With regard to the Council’s “No Casino” resolution, Mr Foord reported that this resolution was a member decision, which had been agreed by Full Council each time the Statement of Policy had required reviewing.  Mr Knowles-Ley confirmed that the Licensing Authority had not received any applications for a casino in the District. 


Mr Bennett explained the definition of a Casino and advised that there were different rules for bingo halls.  A Casino was defined by the type of games played, such as the roulette wheel, and the larger stake of the game.  Mr Foord undertook to further expand in the Policy the definition of “Casino”.  


The Council’s “No Casino” policy could be challenged and the Chairman commented that if applications were received in the future the Policy could be reconsidered. 




(a)            That the draft revised Statement of Policy for the period 2016 – 2019 for the Chichester District is approved for public consultation;

(b)            That authority be delegated to the Head of Housing and Environment Services to consider any representations arising from the consultation exercise and, provided the representations do not require significant amendments to the draft Policy, to recommend adoption to Council on 17 May 2016 (with minor amendments if considered appropriate) following consultation with the Cabinet Member for Environment; and

(c)            In circumstances where significant amendments to the Policy are required that these are reported back to the Alcohol and Entertainment Licensing Committee for further consideration.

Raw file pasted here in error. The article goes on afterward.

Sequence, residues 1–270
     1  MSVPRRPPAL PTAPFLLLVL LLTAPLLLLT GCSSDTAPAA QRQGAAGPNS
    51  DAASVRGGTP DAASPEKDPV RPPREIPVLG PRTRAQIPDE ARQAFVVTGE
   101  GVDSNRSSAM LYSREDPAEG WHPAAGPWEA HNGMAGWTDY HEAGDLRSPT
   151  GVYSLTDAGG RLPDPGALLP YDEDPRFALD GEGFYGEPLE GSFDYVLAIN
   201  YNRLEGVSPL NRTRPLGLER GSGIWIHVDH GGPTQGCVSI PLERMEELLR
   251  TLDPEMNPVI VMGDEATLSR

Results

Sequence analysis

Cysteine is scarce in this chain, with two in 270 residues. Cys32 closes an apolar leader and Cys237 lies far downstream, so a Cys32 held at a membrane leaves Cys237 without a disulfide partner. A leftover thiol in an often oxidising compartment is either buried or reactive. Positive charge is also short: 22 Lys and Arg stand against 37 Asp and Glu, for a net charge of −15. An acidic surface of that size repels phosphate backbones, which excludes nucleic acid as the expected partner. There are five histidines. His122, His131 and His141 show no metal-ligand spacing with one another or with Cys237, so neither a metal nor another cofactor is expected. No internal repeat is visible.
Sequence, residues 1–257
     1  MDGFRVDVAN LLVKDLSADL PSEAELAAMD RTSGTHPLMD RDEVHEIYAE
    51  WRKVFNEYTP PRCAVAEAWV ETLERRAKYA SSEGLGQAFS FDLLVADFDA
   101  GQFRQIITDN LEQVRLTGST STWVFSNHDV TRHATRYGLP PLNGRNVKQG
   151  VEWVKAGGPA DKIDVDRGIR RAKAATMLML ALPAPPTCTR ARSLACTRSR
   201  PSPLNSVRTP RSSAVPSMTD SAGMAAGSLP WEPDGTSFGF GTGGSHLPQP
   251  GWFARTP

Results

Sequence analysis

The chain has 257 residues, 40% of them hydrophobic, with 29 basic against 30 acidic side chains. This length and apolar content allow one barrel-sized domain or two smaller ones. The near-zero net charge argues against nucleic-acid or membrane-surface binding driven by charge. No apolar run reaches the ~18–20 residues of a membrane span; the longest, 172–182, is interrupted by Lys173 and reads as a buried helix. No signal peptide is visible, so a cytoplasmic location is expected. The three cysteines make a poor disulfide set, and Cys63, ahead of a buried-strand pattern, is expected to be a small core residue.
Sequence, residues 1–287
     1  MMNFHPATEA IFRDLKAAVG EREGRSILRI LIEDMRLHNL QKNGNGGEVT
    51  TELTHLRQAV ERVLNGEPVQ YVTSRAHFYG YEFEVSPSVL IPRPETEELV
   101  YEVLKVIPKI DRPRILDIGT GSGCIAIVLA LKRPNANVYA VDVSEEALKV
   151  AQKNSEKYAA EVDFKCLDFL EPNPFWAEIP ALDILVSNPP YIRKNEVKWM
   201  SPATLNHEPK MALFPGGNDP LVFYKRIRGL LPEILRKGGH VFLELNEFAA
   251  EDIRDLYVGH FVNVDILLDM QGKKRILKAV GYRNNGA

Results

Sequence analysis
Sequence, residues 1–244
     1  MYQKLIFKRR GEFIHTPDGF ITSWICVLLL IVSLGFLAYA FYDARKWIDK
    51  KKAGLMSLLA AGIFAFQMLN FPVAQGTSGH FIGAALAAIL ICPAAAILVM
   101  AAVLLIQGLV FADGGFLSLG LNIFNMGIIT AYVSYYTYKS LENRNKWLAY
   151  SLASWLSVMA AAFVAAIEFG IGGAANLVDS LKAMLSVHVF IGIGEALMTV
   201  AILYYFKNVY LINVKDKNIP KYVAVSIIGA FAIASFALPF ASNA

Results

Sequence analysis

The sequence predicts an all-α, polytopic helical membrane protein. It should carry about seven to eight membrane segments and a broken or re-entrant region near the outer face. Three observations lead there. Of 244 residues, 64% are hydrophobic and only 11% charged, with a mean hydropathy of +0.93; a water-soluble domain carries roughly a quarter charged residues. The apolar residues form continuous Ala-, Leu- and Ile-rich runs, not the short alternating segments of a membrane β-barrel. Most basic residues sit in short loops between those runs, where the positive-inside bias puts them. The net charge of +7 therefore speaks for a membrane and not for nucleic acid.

That the Policy (as amended in accordance with 3.2 and/or 3.3 above) be approved by Full Council and published.


Deregulation Act 2015 - Power to exempt the supply of late night refreshment from requirements of the Licensing Act 2003 pdf icon PDF 92 KB

The purpose of this report is for Members to be made aware of changes to the Licensing Act 2003 and their new power to exempt certain types of premises providing ‘late night refreshment’ from requiring a licence.


Additional documents:


The Committee considered this report (copy attached to the official minutes).


Mr Foord reported that certain provisions of the Deregulation Act 2015 gave licensing authorities powers to exempt the supply of late night refreshment from the requirements of the Licensing Act 2003.  The Committee was asked to consider if they wished to use the new powers to exempt the need for the licensing of late night refreshment in certain situations or at certain premises. He pointed out that there was no statutory requirement for the Licensing Authority to use the new powers.